Ice, Ice, Baby!
by Kevin Driscoll
That was the subject line of the office e-mail I received. Since it was sent from Craig, one of our resident moto-freaks, I assumed that it had less to do with Vanilla Ice than it did with motorized vehicles traveling fast on ice. I was right. Craig was setting up an ice ride. Since I had recently purchased a used set of ice tires for my Husky I was more than a little excited to take my first shot at ice riding. My wife pointed out that the ice this time of year was poor at best; that I am old and out of shape; and that the last time I was out having fun on ice, some young clown out racing on his snowmobile ran me over.
The Husky didn’t need much prep work beyond changing the tires. I had both ice tires on in about three hours and without pinching a tube. Once the tires were mounted, the only chore remaining was to remove the blinkers and mirrors. The mirrors come off in seconds, but the blinkers have their wires connected in an inconvenient spot that takes a few extra minutes. After these tasks, the Husky was ready for ice.
The guys at work have been talking about ice racing for a while and frankly I found the stories to be a little suspect. But then I remembered how the World Round motorcycle trials at Duluth completely crushed my understanding of traction, momentum, gravity and one or two of Newton’s laws, so I decided to take a wait-and-see attitude. I mean, if a guy can ride a bike straight up a fifteen-foot mud-covered rock face, then maybe it is possible for me to corner like Valentino Rossi on ice. Yeah, right.
I arrive on time and we spend the next few hours clearing a course on the lake. The shape of the course was determined by the location of the best ice. This involved a lot of hunting and trial and-error. Craig would start many strips with his Massy Ferguson lawn tractor with plow only to abandon them when the ice proved to be suspect. The rest of us pitched in with shovels on the detail work.
Now to say the ice was poor is being very generous. Under the snow was a few inches of slush, with hardened ridges where snowmobiles had crossed, and large puddles left from ice fishing holes. Once the snow was off, the slush firmed up and the track turned out damned nice.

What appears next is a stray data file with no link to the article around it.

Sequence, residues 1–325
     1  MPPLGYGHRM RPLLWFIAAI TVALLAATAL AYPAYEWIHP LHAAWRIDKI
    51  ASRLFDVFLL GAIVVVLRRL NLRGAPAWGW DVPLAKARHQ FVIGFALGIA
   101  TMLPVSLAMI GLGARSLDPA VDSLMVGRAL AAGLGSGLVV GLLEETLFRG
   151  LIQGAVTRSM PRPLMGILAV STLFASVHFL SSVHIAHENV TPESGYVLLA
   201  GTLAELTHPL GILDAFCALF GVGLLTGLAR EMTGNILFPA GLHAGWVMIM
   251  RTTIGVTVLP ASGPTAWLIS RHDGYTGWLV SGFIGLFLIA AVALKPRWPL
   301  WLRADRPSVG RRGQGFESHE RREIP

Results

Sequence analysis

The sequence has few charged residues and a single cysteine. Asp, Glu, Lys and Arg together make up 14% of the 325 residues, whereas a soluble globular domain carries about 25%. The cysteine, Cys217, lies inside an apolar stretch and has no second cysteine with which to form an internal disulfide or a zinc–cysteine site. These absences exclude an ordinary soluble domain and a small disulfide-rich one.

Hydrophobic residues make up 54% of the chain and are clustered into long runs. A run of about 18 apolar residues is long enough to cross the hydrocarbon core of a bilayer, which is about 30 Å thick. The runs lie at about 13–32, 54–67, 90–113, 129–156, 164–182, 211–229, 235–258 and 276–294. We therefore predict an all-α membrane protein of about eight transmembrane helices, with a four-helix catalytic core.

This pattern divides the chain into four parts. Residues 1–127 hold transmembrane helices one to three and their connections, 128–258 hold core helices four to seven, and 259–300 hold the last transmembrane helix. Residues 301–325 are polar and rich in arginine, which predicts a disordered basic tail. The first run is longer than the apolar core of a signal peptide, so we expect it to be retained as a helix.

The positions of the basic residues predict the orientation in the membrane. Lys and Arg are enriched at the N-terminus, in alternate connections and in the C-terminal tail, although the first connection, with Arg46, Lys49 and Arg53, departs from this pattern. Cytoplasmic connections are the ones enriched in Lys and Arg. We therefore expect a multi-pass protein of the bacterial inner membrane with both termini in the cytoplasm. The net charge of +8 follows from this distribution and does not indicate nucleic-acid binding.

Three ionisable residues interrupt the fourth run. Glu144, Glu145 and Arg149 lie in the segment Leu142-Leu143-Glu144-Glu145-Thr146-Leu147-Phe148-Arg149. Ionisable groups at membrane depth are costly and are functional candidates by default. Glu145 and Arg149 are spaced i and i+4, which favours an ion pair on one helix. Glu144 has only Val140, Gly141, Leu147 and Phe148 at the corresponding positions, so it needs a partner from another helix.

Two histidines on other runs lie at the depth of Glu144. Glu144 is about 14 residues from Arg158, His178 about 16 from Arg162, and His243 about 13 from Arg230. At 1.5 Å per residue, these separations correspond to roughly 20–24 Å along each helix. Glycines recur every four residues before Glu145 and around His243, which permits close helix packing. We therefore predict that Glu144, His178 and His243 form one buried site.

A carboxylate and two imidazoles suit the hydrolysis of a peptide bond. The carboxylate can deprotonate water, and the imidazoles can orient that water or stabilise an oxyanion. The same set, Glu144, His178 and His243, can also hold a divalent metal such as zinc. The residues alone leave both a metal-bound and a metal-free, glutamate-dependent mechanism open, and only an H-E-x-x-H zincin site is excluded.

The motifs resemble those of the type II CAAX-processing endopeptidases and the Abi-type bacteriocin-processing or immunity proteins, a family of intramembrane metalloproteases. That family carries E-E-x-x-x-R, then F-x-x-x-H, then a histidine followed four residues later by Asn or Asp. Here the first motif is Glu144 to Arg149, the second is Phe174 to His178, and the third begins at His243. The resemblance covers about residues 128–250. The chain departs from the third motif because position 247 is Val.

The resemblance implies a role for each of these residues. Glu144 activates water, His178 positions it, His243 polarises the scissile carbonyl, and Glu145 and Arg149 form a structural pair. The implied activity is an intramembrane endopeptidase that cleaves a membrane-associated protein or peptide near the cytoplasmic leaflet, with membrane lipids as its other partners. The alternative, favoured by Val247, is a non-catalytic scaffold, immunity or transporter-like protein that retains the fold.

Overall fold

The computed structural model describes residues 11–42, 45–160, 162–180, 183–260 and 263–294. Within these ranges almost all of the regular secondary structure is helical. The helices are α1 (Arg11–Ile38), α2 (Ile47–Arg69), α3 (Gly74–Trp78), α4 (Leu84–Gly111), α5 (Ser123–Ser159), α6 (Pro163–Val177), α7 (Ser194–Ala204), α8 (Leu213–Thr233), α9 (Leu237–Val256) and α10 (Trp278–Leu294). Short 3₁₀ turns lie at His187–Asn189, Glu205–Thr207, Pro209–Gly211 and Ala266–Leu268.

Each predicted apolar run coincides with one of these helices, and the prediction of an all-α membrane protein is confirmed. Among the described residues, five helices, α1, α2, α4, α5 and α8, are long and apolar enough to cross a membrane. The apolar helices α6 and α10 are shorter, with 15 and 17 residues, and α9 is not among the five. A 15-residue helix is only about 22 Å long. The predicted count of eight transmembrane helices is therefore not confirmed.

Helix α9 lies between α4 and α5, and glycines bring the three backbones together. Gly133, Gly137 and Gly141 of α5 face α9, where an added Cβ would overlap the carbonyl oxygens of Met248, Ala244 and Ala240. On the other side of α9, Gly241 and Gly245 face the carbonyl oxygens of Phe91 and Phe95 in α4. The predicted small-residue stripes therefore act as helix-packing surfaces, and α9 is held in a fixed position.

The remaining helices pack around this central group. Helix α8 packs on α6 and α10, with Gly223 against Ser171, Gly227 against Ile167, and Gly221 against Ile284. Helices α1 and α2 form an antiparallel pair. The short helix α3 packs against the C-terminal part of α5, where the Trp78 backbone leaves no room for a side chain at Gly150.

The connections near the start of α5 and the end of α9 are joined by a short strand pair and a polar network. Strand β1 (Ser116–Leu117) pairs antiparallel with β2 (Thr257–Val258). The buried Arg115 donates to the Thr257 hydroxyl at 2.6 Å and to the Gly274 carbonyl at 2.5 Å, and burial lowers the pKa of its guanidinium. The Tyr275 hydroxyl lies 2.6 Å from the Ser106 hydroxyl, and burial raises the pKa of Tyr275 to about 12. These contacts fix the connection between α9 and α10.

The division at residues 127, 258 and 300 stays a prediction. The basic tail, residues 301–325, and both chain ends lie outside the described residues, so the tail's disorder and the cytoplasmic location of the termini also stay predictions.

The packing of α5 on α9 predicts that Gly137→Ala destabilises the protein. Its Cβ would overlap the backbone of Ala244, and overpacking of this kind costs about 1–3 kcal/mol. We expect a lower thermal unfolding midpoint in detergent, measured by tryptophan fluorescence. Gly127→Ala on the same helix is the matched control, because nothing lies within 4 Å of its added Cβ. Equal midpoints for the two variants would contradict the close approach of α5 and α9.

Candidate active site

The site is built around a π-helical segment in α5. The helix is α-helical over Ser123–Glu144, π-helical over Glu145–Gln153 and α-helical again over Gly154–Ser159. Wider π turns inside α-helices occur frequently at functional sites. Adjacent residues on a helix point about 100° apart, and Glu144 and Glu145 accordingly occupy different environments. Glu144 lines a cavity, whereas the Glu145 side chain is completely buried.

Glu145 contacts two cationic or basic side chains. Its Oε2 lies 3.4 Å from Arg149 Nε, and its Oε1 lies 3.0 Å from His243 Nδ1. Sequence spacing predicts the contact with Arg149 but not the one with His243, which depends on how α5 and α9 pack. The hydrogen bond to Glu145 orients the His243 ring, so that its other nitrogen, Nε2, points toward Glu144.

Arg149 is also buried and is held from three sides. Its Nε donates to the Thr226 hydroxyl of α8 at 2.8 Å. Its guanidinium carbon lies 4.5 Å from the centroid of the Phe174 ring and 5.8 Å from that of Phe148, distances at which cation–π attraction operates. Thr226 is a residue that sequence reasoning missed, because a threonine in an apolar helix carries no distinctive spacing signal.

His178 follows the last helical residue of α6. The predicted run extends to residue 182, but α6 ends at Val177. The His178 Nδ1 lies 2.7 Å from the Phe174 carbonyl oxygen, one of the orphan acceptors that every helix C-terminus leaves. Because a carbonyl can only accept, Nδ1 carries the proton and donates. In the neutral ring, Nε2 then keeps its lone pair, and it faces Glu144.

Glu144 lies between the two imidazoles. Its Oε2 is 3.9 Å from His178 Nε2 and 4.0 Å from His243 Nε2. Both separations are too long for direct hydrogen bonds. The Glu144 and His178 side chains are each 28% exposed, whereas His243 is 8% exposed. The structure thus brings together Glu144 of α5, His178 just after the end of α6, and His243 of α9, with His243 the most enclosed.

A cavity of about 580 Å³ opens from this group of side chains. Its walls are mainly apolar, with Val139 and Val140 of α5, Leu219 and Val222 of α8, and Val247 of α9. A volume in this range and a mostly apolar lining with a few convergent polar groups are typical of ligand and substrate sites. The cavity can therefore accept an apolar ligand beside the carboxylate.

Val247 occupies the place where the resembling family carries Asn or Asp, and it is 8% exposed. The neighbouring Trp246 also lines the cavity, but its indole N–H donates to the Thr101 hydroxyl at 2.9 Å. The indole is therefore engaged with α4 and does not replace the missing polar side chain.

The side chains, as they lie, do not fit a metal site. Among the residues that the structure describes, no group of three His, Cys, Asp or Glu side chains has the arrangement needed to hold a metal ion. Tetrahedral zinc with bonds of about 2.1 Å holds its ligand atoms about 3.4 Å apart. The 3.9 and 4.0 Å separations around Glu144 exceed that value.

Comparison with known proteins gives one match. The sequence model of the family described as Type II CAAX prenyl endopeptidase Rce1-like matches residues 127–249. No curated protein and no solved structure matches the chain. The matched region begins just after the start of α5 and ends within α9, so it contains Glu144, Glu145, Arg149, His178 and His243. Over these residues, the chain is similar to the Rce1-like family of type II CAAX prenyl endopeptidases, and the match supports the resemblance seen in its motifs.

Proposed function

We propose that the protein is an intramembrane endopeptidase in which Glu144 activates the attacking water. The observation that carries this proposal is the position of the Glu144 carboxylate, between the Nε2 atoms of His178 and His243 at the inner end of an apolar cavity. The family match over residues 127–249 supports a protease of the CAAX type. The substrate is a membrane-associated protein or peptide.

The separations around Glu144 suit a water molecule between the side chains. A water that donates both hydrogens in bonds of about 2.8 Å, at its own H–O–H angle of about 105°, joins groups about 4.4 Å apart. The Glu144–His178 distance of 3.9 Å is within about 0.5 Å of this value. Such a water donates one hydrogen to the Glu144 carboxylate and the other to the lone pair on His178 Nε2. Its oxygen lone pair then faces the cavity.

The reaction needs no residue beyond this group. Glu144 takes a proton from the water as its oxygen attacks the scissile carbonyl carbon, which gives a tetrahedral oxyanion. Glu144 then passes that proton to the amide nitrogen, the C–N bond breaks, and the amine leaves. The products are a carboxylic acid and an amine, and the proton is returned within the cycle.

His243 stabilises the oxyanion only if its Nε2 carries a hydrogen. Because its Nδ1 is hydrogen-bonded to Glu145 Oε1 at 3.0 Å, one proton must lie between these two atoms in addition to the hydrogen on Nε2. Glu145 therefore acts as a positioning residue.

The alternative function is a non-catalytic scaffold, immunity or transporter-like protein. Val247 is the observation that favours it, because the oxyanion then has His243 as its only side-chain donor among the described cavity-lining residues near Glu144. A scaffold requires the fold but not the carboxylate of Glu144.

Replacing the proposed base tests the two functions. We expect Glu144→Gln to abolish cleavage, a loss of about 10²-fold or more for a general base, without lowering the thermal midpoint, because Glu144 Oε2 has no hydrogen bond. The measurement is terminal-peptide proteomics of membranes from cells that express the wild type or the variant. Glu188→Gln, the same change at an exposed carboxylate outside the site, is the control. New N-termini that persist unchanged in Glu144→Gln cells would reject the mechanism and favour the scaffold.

The first straight was semi-frozen slush with bumps, ridges and ruts that were a lot like dirt riding, except that the ruts are less forgiving. Then came a series of easy S-turns, followed by a water-filled right-hand hairpin. That flowed into another series of shallow S-turns before entering everyone’s favorite section, a sweeping left 180 that emptied into the final straightaway. This last section had the best ice. The guys pulled through with their handlebars inches off the ice and roosted out onto the final straight with front wheels in the air. The New Guy was, of course, not doing quite as well.
I started slower than a herd of turtles. I think Craig lapped me on his lawn tractor…while plowing! Soon I gained confidence in the traction created by the studs and started turning faster laps. I washed out several times in the turns, giving nearby fishermen a couple of yucks. I’d come in to rest up, get some advice, and try it again, but never seemed to get that solid ‘hook up’ on the ice. I just figured it was my lack of skill and/or my heavier bike that caused me to repeatedly slide out. Toward the end of our session Kris told me my problem likely was my tires. I always love a good ‘Its-not-me-its-my-equipment’ excuse. Since my front tire had lost about 25% of its screws and a good dozen knobs had been ripped clean off I figured he might have a point. “Take my bike out,” Kris said, “and feel what its like to hook up.”
Ho-well-lee crap! Asphalt never felt this good! Slot cars wish they could hold a line like this! Kris’s WR with its professionally-studded tires made my bike feel like I was running bare rubber. It was Yee-freakin’-haw insane. After a few laps I took the sweeping left with the handlebar lower than my left knee and popped out with the front wheel in the air. So that’s what it feels like to ‘hook up’ on ice! While I am not in the same league as the rest of these guys, I did get that hook up feeling. I have now been assimilated into the ice riding Borg collective. Resistance is futile.
Well, what do you know? Winter and bikes do mix. You ice racers have a great secret. Thanks for letting me in on it. Now get out there and ride. If I can do it, you sure can.
Epilogue: I thought I would have to accept the fact that no front tire could stand up to 550 pounds of bike and rider being run hard through the corners and therefore lose knobs. Mike, the guy who sold me the tires, told me that my front was an old tire he found hanging on a fence post out in some field, he grabbed it, and studded it up. I chose to reject this reality in favor of my own.